Mine action organisations implement a wide variety of socio-economic surveys, used to inform non-technical and technical survey and clearance, victim assistance, risk education and development activities. Also, as donors are starting to demand greater development outcomes, mine action organisations are using socio-economic surveys to determine the impact of mine and explosive remnants of war (ERW) contamination on affected women, girls, boys and men, and the specific benefits that mine action brings to them.
By collecting socio-economic, sex and age disaggregated data, operators can ensure that their activities respond to actual needs and priorities, thereby contributing to human security and strengthened livelihoods.
GICHD’s landmines and livelihoods reports help better understand both the problems created by landmines and ERW and the benefits stemming from mine action.
They are based on studies that adopt the Sustainable Livelihoods Approach - a methodology that is particularly advantageous for survey and clearance operations leading to the release of safe land to communities. Landmines and other ERW not only kill and maim innocent civilians, they also block access to the physical and natural assets that rural households depend upon. The Sustainable Livelihoods Approach provides an excellent model for analysing how explosives contamination creates insecurity, deepens poverty, and constrains development and how mine action facilitates socio-economic recovery and development.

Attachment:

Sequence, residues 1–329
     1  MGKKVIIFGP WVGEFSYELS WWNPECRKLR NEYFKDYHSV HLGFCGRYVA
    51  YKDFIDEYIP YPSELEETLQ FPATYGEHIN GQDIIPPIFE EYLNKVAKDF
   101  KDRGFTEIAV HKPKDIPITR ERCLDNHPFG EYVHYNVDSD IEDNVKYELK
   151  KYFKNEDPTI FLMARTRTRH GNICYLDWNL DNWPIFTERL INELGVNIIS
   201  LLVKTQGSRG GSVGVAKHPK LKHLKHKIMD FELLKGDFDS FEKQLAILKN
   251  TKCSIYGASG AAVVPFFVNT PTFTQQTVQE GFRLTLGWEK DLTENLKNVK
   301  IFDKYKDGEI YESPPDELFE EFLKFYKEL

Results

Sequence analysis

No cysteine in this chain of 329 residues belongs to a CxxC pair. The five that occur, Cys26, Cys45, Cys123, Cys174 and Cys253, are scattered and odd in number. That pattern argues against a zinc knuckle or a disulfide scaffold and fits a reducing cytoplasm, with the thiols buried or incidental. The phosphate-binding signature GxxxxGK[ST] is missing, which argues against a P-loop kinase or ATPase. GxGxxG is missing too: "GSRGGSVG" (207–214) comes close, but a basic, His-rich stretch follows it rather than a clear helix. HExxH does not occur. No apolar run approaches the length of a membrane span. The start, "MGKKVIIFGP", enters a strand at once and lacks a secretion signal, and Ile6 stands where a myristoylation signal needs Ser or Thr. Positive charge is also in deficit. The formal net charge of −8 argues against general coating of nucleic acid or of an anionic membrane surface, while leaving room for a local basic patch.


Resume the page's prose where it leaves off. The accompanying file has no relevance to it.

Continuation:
Landmines and livelihoods surveys include key components on gender and diversity; they also focus on national capacity development, to ensure that future surveys can be implemented without extensive involvement from international experts. The Afghanistan mine action programme is a great example: several gender and diversity recommendations were pursued and it successfully and independently implemented the third landmines and livelihoods survey in 2012.
The GICHD supports mine-affected countries' efforts to link mine action with socio-economic recovery by:
In 2013, the GICHD, in collaboration with the School of Oriental and African Studies (SOAS) and the Danish Demining Group (DDG), conducted a study on Safety, Security and Socio-Economic Wellbeing in Somaliland, focusing on DDG’s Community Safety Programme in that country.
A second survey in collaboration with Danish Refugee Council (DRC)/Danish Demining Group (DDG) on Community Safety, Livelihoods and Socio-economic Development was undertaken in the Karamoja region of north-eastern Uganda in December 2014.